The problem of inflation and skyrocketing prices of goods is not confined to the outside. Prices are rising in prison too — and with no relief in sight.
At Western Missouri Correctional Center (WMCC), the consequences of inflation have weighed on many prisoners. In the free world, family and friends we rely upon are now starved for cash. And to save money, inmates in my prison have reduced the number of calls they make and shortened the length of their conversations when they do talk on the phone.
Recently, I polled prisoners at Western Missouri Correctional Center about their financial situations. I wanted to know how much their finances had fluctuated.
Many said they had seen a steep decline in income from the outside. Add to that the rise of prices on the inside, and it’s easy to understand why morale is low.
In Missouri, the base pay for prisoners is $8.50 per month for those with a GED or high school diploma, and $7.50 per month for those without one. According to prisoners familiar with prison wages, some of whom have been incarcerated for over 40 years, these rates have remained the same since the 1980s. Prisoners with no outside support cannot afford staple items or much needed hygiene products, over-the-counter medications and other items.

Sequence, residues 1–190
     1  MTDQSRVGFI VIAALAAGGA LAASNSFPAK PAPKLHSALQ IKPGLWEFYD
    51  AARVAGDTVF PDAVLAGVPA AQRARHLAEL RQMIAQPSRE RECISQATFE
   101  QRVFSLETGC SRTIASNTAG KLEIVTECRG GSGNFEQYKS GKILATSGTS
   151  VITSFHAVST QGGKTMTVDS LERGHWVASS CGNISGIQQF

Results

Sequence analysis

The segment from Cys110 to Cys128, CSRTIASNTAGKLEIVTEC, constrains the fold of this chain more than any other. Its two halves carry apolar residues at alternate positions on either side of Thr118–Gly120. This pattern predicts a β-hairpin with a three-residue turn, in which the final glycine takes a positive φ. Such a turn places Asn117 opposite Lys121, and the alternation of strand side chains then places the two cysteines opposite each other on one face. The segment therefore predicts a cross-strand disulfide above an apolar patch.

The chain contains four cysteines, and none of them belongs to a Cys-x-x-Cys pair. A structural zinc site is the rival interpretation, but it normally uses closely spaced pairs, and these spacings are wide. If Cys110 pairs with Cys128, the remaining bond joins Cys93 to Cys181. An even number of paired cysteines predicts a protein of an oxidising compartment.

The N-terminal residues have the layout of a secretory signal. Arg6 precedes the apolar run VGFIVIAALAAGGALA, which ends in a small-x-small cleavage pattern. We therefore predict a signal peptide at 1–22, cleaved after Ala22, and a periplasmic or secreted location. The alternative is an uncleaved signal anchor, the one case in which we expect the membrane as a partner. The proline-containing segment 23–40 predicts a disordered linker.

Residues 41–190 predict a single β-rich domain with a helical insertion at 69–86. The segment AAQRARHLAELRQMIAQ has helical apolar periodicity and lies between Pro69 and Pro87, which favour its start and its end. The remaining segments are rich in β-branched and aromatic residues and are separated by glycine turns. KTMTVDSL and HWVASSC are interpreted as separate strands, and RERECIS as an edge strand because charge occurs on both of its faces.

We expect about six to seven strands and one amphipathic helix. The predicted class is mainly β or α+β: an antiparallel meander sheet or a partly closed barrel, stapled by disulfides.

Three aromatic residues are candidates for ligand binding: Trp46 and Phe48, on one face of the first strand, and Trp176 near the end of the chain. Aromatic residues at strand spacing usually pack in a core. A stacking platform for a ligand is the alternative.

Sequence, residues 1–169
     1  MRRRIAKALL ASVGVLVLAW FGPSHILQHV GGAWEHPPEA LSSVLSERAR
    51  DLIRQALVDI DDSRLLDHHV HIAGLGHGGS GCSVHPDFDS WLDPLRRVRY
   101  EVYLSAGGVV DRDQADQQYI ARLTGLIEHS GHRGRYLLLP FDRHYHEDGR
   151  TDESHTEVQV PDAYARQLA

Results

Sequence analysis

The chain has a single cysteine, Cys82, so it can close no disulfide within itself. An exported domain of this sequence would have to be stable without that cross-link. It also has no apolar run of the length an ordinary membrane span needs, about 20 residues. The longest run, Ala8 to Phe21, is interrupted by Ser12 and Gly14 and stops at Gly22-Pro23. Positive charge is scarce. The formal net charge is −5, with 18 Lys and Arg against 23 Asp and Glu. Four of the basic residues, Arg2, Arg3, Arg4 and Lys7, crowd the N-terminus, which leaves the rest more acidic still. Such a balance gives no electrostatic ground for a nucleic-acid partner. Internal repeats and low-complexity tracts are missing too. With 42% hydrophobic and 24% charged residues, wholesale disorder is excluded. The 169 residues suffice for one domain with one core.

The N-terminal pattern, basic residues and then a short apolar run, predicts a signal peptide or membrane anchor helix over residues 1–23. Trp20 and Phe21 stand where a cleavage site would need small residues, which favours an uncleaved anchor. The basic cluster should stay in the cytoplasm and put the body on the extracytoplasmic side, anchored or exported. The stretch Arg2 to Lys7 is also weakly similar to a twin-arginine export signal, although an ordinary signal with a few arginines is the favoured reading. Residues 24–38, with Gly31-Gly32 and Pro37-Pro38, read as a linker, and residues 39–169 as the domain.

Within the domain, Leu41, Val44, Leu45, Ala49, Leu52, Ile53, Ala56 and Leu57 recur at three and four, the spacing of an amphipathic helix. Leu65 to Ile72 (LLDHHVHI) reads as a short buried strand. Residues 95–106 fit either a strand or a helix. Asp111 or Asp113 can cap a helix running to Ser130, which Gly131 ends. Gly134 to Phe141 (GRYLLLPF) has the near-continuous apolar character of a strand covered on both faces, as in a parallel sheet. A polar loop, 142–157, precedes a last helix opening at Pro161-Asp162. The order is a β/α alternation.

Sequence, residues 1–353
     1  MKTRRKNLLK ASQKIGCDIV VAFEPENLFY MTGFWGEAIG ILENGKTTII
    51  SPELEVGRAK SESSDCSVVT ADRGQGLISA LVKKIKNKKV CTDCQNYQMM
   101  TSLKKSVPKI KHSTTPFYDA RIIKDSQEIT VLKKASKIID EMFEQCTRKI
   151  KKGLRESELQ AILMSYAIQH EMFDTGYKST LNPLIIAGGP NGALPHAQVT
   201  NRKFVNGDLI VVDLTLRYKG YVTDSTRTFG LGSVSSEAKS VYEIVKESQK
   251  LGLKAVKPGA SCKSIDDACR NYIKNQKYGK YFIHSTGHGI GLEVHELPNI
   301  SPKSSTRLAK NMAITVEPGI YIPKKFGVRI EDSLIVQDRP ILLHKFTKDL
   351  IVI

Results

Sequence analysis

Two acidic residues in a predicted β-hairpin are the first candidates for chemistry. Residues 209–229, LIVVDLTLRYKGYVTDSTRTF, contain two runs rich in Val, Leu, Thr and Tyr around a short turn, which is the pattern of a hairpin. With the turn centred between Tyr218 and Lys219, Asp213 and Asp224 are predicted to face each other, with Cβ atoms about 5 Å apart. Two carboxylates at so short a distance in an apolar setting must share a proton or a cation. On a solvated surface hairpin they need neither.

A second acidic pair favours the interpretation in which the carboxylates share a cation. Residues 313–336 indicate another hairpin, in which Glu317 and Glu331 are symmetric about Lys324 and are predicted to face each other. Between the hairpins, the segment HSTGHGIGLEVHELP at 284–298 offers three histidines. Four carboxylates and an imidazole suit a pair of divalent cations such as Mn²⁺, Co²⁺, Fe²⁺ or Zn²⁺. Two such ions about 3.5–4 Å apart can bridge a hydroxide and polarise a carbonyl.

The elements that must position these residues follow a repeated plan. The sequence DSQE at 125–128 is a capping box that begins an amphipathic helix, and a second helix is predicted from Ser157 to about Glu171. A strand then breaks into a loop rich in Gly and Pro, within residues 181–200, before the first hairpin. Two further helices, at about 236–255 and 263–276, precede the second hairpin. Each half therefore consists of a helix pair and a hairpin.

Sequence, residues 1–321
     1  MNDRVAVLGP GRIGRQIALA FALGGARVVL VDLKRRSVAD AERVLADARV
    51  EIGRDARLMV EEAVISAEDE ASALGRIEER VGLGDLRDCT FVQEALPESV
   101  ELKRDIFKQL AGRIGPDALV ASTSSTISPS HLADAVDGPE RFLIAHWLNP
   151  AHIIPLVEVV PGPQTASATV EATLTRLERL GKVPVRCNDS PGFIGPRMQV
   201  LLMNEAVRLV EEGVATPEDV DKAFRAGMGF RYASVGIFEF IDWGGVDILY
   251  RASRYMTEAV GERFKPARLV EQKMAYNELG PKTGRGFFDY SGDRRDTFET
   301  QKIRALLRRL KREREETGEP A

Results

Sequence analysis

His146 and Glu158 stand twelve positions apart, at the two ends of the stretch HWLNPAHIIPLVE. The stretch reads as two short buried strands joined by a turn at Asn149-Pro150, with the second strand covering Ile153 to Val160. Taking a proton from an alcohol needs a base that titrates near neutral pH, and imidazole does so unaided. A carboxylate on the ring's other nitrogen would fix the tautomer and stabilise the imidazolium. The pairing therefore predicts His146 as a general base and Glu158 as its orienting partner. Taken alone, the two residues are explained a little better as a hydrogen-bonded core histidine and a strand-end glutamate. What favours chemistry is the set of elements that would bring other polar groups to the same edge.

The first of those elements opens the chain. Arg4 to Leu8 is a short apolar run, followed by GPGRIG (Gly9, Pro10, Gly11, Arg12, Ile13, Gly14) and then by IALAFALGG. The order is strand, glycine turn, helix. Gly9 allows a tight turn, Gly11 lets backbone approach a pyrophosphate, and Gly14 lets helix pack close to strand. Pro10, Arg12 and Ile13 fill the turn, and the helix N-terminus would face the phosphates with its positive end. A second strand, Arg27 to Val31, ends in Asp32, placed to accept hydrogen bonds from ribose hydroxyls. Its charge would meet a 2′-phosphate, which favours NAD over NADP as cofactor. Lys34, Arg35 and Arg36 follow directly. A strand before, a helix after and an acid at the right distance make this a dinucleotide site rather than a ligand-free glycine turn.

Inmates battling inflation have seen canteen prices spike in recent months. For example, a bag of BBQ chips, which was $1.44 in February, is now $1.91. An 8-ounce bag of Folgers was $4.92 in December; today it’s $8.13. And the price of Colgate toothpaste has increased from $2.19 to $3.38.
Many inmates are going without toothpaste and instead using soap and mouthwash to quell the smell. As a result of the financial hardship, many prisoners at WMCC are experiencing anxiety and hopelessness.
To cope with inflation and the emotional distress, many inmates have turned to buying and listening to music. For some, music therapy has aided and assisted them with the harsh conditions.
As for me, I have turned to prayer and reduced my consumption of staple items to help save money until prices fall once again.
Disclaimer: The views in this article are those of the author. Prison Journalism Project has verified the writer’s identity and basic facts such as the names of institutions mentioned.